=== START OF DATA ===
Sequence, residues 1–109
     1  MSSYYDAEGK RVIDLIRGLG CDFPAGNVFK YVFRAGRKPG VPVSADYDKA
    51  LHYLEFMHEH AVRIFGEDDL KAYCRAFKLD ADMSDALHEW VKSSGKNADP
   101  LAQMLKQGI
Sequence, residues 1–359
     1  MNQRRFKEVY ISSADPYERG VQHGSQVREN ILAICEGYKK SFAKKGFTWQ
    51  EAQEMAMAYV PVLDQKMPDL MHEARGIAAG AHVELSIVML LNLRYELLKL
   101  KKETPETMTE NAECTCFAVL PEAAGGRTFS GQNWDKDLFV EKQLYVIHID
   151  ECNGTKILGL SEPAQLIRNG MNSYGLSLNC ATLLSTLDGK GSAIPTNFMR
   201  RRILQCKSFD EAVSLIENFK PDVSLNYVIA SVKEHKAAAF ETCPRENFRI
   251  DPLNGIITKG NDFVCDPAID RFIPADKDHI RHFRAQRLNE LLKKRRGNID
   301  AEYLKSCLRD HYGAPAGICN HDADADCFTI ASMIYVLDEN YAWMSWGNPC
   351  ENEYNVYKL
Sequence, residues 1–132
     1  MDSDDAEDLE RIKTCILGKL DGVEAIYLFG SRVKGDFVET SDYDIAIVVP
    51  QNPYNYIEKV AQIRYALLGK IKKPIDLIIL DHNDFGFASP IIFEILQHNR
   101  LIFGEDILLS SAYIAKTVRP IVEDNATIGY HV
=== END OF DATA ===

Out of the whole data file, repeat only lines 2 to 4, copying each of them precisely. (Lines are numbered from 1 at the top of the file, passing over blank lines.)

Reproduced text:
     1  MSSYYDAEGK RVIDLIRGLG CDFPAGNVFK YVFRAGRKPG VPVSADYDKA
    51  LHYLEFMHEH AVRIFGEDDL KAYCRAFKLD ADMSDALHEW VKSSGKNADP
   101  LAQMLKQGI